The public relations departments of car manufacturers pour out a huge amount of boring, self-serving and normally inoffensive garbage every day.
Morris Canardly wins North West Scotland caravan tow car of the year, and variations on that theme, is the standard fare. But sometimes they produce publicity so nonsensical, so superficial, I feel moved to react. And in this one Citroen lies about the original scope of the journey.
Yesterday, Citroen gave us this gem – “Citroen C-Zero the first all-electric production car to use Eurotunnel”. Forgetting for a moment that the Citroen C-Zero is a Mitsubishi iMiEV battery car in disguise (Peugeot, which owns Citroen, has also published a press release lauding the achievement of its electric car, also a Mitsubishi), look at the measure of the latest achievement of the Citroen-C-Zero. It actually managed to get itself on to the Eurotunnel train, and sit there for half an hour or so while the train dragged it under the tunnel. And it clambered back on for the return journey. Wow! How impressive is that!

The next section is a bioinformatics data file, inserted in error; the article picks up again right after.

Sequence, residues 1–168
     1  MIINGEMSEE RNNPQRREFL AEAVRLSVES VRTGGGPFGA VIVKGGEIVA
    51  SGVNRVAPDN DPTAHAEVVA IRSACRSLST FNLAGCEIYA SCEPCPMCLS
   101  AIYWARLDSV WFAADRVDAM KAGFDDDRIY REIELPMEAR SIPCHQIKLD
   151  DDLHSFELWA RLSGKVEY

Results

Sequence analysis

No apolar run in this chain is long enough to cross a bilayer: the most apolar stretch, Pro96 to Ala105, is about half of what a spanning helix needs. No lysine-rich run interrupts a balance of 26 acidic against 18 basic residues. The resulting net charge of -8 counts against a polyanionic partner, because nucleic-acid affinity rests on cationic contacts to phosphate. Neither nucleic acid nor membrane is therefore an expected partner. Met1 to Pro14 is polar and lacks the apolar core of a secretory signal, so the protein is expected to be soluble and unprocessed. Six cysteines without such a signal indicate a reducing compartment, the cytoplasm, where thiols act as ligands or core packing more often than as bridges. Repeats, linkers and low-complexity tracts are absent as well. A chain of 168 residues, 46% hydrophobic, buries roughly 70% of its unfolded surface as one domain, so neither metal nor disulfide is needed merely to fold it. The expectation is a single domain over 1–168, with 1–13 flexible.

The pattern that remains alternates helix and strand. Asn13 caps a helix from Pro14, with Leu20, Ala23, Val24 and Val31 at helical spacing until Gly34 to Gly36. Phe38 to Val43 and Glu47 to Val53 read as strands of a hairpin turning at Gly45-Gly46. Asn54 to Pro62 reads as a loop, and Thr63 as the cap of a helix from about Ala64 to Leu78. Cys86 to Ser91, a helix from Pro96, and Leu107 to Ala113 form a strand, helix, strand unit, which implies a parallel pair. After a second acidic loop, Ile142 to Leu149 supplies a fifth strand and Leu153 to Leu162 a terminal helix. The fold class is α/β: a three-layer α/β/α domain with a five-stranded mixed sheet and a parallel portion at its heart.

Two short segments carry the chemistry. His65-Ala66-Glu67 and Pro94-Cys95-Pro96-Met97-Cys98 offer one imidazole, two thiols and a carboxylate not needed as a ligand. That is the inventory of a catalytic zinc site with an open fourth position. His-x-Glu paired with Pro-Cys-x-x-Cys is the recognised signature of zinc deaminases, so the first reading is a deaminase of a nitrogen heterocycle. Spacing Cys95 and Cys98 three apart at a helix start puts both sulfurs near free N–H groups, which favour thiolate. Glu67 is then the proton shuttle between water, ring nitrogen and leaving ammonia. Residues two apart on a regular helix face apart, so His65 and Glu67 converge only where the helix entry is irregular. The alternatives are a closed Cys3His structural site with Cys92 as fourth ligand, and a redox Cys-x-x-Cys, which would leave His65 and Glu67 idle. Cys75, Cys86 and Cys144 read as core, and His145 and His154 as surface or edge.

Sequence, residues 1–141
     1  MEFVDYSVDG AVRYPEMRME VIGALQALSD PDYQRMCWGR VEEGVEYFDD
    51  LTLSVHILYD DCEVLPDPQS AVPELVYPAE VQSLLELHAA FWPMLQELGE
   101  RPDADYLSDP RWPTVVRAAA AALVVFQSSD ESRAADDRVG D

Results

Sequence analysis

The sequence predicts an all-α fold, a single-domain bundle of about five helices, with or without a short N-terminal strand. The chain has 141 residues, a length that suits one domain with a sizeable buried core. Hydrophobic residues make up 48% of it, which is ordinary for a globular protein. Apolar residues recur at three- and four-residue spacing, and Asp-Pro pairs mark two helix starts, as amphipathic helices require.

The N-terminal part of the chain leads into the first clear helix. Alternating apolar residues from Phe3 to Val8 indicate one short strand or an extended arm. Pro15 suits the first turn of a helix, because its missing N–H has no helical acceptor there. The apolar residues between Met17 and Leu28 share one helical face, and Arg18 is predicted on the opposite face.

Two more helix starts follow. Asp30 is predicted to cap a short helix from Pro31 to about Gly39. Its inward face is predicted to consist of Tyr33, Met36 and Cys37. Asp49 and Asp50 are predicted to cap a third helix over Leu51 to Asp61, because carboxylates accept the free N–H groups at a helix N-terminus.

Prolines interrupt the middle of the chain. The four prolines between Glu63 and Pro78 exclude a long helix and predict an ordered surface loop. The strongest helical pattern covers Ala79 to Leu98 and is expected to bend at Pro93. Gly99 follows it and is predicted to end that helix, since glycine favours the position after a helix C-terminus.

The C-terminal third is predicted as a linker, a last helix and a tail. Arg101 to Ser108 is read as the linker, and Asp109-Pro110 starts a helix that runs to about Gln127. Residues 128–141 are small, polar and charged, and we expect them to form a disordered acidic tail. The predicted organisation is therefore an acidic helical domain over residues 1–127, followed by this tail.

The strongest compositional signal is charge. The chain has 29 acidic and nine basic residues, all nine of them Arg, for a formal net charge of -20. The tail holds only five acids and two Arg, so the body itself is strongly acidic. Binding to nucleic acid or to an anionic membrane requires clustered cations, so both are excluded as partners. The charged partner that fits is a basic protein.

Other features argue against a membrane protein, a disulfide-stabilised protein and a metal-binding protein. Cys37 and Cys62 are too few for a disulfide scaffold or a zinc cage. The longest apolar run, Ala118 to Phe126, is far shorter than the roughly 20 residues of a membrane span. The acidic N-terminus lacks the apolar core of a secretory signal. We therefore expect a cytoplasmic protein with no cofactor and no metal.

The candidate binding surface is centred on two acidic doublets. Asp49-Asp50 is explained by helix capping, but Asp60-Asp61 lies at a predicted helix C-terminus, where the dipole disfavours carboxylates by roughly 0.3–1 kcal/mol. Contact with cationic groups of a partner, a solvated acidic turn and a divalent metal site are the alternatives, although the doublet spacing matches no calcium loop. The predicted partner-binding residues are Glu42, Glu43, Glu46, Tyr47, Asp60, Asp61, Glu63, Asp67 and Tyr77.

The original plan was for the C-Zero (which uses coal fired power to stoke up its batteries, so is not emission-free) to drive from London to Calais and back to London, although in the Citroen press release, this became London to Calais and back to Ashford. One of the drivers of the car, Nick Rufford, Editor of the Sunday Times InGear section, was quoted as saying that despite the terrible weather “we (him and freelance journalist Jason Dawe) were still able to complete our story”. Please not the word “story”, not journey. The story originally talked about the plan to drive from London to Calais and back, but when the brave pair returned to blighty, they dumped the electric car in favour of a traditional diesel powered machine because of the bad weather. That makes sense. Why risk what only an electric car can do for you – strand you in the snow without being able to use an engine to keep you warm, and power the air conditioning and sound system.
You have to wonder why Citroen would stoop so low as to try something as nonsensical as this. They must really be struggling to sell the merits of electric cars. And I wonder if InGear editor Nick Rufford will be pointing this out in his next issue?
Neil Winton – December 14, 2010